A year later TV pioneer John Logie Baird hired Noel to take part in his colour television experiments. She became the first woman to be transmitted in colour from a camera to television sets later that year. She also worked with Baird at the Tottenham Court Road Cinema when he undertook some ‘widescreen television’ tests on their big screen.
As Noele Gordon (she changed her name in the 1940s) she became a star of London’s theatre world – In 1941 she made her West End debut in Let’s Face It with Bobby Howes. Her biggest success of that era was the musical Brigadoon in which she starred in nearly 1000 performances across its two-year run. Composer of the Brigadoon songs, Frederick Loewe, upon seeing Noele’s performance, jokingly offered to marry her – so impressed with how she Interpreted his words. The critical reviews for Noele were pleasing and positive at this time too.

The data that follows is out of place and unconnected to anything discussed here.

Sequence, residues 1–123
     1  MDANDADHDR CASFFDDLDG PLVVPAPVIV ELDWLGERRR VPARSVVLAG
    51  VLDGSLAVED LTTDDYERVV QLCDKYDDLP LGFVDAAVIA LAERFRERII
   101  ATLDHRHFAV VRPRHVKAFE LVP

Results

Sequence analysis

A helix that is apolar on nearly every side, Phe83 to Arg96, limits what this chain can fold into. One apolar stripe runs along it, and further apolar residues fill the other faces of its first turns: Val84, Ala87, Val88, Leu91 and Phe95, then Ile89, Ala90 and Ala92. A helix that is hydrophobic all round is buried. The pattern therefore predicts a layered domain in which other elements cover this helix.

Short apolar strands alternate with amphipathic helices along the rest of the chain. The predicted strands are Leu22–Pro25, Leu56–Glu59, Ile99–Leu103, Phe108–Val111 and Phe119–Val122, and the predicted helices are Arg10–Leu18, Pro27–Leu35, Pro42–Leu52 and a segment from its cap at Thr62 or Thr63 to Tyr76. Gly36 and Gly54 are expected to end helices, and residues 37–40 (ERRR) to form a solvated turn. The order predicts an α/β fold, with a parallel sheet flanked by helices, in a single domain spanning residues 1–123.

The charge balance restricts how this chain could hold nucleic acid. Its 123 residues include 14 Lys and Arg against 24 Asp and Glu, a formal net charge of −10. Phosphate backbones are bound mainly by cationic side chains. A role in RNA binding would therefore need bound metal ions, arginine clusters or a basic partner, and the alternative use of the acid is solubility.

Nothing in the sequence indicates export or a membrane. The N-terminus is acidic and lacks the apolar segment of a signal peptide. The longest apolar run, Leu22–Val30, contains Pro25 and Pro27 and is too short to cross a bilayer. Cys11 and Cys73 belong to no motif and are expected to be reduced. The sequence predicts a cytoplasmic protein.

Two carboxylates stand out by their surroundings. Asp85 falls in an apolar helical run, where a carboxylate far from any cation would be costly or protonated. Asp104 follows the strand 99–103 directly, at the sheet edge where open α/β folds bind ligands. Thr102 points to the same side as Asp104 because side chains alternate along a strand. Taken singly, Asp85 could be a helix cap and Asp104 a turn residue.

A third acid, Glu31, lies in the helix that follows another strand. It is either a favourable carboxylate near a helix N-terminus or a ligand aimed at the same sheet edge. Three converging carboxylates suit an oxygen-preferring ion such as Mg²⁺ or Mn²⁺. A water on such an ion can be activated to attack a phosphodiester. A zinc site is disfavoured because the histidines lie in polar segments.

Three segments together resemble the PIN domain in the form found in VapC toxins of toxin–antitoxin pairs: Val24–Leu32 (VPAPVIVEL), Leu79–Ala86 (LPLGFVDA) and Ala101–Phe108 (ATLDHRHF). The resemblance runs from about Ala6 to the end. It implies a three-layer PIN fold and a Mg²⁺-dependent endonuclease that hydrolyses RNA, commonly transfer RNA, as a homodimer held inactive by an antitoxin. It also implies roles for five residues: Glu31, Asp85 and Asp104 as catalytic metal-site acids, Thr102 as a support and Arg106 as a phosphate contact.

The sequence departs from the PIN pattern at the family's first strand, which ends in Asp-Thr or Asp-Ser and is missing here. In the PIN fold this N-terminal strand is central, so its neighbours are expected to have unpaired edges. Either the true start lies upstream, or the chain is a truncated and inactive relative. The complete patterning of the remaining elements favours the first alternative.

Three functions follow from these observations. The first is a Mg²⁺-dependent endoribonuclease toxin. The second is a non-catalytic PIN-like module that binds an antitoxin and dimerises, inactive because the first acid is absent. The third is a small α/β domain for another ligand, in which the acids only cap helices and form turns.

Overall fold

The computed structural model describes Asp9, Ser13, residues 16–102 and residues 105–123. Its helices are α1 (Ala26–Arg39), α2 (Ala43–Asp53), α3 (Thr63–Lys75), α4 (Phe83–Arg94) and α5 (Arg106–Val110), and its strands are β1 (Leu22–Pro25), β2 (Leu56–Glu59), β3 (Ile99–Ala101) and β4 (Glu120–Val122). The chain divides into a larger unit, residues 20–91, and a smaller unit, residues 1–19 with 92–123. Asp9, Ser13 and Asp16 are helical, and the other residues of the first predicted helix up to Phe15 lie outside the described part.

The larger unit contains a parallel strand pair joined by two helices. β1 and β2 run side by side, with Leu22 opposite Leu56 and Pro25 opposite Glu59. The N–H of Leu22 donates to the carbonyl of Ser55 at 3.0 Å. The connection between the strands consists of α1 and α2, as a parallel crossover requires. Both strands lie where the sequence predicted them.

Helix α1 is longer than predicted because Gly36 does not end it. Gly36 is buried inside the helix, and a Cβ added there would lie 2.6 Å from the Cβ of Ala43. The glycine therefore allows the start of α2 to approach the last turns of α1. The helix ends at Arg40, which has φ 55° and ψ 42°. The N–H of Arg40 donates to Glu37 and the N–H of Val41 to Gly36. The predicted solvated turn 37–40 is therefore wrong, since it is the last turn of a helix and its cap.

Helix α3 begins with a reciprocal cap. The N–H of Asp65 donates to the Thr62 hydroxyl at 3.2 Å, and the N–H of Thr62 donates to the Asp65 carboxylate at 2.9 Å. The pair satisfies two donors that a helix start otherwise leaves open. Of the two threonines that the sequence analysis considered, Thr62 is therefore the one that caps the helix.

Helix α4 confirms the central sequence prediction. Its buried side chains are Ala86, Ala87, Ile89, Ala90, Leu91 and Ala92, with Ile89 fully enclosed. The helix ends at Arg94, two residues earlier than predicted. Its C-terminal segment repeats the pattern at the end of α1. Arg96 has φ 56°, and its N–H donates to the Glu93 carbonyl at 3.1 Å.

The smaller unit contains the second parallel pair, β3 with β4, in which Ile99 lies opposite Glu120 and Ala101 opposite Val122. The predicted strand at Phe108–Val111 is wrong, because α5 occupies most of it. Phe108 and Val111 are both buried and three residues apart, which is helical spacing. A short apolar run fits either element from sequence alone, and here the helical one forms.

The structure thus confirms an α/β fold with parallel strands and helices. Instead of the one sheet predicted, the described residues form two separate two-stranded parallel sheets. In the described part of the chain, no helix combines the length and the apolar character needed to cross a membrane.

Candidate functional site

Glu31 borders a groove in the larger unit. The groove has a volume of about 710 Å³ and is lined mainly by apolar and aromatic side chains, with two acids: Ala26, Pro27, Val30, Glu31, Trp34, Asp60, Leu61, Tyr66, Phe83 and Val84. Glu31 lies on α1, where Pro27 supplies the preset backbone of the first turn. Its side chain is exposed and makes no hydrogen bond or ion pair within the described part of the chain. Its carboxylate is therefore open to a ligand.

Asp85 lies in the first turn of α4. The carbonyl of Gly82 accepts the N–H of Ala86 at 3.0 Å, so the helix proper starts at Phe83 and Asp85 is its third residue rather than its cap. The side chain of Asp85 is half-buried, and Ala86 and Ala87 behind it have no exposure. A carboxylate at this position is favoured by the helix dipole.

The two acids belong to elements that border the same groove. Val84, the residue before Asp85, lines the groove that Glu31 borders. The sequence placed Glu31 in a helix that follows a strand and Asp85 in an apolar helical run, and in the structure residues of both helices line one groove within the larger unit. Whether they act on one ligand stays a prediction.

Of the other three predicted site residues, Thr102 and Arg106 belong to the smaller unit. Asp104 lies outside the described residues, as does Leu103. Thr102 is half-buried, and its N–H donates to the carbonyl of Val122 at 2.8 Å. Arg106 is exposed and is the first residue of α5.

There were many other stage shows, including Big Ben, The Lisbon Story, Rain, Suspect and pantomime Humpty Dumpty at the prestigious London Palladium. A theatre first for Noele came when she was the first actress to star concurrently in two West End shows. While taking over from Julie Wilson in the starring role of You Bet Your Life with Arthur Askey she also remained understudy in Call Me Madam to Billie Wort.
During the Second World War Noele continued to work in theatre productions and also as part of ENSA – Entertainments National Service Association – which entertained troops with variety shows in the UK and abroad. Others involved with ENSA include singer Vera Lynn, singer/songwriter Ivor Novello and comedian/magician Tommy Cooper to name only a few. Founded in 1939 by impresario Basil Dean and the British Government the idea of ENSA was to provide the Navy, Army and Air Force with entertainment. The scheme became Combined Services Entertainment which continues to run to this day.